# Symmetry and intercepts (§2.2)

The pattern here is that you always mess with the *other* variable.
## Symmetry

You can test symmetry using either the equation or the graph.
- Symmetry with respect to the
*x*-axis:
- change
*y* to −*y* in the equation,
and see if this is equivalent to the original equation;
- change each point (
*x*, *y*) on the graph
to (*x*, −*y*),
and see if this is also a point on the graph.
- Symmetry with respect to the
*y*-axis:
- change
*x* to −*x* in the equation,
and see if this is equivalent to the original equation;
- change each point (
*x*, *y*) on the graph
to (−*x*, *y*),
and see if this is also a point on the graph.
- Symmetry with respect to the origin:
- change both
*x* to −*x* and *y* to −*y*
in the equation,
and see if this is equivalent to the original equation;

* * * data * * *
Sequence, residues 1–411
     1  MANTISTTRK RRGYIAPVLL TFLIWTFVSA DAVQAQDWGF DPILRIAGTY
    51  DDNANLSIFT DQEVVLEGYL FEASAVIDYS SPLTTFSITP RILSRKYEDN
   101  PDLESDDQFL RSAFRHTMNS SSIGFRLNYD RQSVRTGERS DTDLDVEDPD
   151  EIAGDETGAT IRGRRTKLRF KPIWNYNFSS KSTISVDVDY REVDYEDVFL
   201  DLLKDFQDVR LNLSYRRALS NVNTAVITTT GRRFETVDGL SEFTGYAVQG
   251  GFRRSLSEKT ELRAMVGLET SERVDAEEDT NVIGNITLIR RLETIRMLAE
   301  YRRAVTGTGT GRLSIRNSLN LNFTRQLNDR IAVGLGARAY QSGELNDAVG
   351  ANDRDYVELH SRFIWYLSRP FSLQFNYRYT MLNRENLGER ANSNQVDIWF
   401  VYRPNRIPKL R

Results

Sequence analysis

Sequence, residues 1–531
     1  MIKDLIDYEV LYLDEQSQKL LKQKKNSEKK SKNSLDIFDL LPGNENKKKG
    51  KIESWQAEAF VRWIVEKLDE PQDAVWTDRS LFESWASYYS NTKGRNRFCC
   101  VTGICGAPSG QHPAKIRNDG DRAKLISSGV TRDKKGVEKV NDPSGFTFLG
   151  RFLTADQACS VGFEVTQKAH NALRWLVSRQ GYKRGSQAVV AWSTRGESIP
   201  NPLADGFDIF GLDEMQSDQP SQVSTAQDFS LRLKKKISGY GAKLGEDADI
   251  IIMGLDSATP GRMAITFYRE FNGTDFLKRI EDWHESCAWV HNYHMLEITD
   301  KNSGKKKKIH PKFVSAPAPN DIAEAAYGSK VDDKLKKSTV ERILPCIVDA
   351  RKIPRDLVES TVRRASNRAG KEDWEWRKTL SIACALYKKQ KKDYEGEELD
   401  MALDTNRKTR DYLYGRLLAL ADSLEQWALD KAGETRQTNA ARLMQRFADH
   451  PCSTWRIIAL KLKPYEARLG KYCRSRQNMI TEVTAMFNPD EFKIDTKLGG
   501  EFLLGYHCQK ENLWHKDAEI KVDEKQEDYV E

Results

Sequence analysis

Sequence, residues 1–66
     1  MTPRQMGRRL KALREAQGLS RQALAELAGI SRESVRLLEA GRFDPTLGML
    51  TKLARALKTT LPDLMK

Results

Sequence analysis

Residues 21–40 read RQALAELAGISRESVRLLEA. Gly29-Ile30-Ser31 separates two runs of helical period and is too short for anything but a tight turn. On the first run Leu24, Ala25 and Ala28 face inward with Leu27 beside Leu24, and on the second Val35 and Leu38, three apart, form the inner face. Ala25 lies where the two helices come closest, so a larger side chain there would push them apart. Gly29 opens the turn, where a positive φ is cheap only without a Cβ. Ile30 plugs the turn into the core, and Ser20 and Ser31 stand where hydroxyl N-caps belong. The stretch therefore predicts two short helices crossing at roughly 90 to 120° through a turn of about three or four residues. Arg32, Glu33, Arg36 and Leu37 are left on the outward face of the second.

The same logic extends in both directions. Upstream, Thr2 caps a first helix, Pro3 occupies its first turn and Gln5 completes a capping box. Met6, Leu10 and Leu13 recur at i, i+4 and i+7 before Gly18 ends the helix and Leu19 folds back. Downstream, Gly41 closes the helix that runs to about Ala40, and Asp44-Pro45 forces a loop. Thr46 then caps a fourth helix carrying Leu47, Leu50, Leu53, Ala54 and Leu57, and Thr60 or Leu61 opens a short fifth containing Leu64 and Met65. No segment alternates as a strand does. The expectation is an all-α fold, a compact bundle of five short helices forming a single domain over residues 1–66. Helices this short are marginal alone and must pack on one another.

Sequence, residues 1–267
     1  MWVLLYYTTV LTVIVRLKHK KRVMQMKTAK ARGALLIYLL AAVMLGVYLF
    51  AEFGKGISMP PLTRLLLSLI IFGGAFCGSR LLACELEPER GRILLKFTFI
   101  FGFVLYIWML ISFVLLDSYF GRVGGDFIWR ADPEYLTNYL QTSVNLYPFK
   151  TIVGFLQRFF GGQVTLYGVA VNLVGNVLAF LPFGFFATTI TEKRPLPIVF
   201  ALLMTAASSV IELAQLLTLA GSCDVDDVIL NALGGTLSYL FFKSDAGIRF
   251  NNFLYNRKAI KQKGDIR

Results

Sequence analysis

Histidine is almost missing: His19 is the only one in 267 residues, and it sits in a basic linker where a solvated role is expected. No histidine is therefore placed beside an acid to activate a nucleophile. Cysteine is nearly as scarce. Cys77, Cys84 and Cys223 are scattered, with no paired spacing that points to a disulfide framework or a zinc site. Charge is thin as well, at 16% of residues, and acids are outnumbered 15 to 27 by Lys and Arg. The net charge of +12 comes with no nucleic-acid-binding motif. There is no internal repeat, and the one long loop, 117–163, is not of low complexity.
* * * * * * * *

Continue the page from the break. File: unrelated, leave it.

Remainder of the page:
- change each point (
*x*, *y*) on the graph
to (−*x*, −*y*),
and see if this is also a point on the graph.

Each kind of symmetry is a separate Yes/No question.
The possible answers are:

- No, No, No: None of these three symmetries apply;
- Yes, No, No: Symmetric with respect to the
*x*-axis only;
- No, Yes, No: Symmetric with respect to the
*y*-axis only;
- No, No, Yes: Symmetric with respect to the origin only;
- Yes, Yes, Yes: All three Symmetries apply.

However, it is *not* possible to have two Yes and one No,
because each of these symmetries is a combination of the other two.
## Intercepts

An intercept is a point on a graph that is also on one of the axes.
*x*-intercepts:
- in the equation, set
*y* to 0 and solve for *x*;
- any point (
*x*, 0) on the graph is an *x*-intercept.
*y*-intercepts:
- in the equation, set
*x* to 0 and solve for *y*;
- any point (0,
*y*) on the graph
is a *y*-intercept.

Every intercept is a point with two coordinates.
If the origin is on the graph,
then it is both an *x*-intercept and a *y*-intercept.

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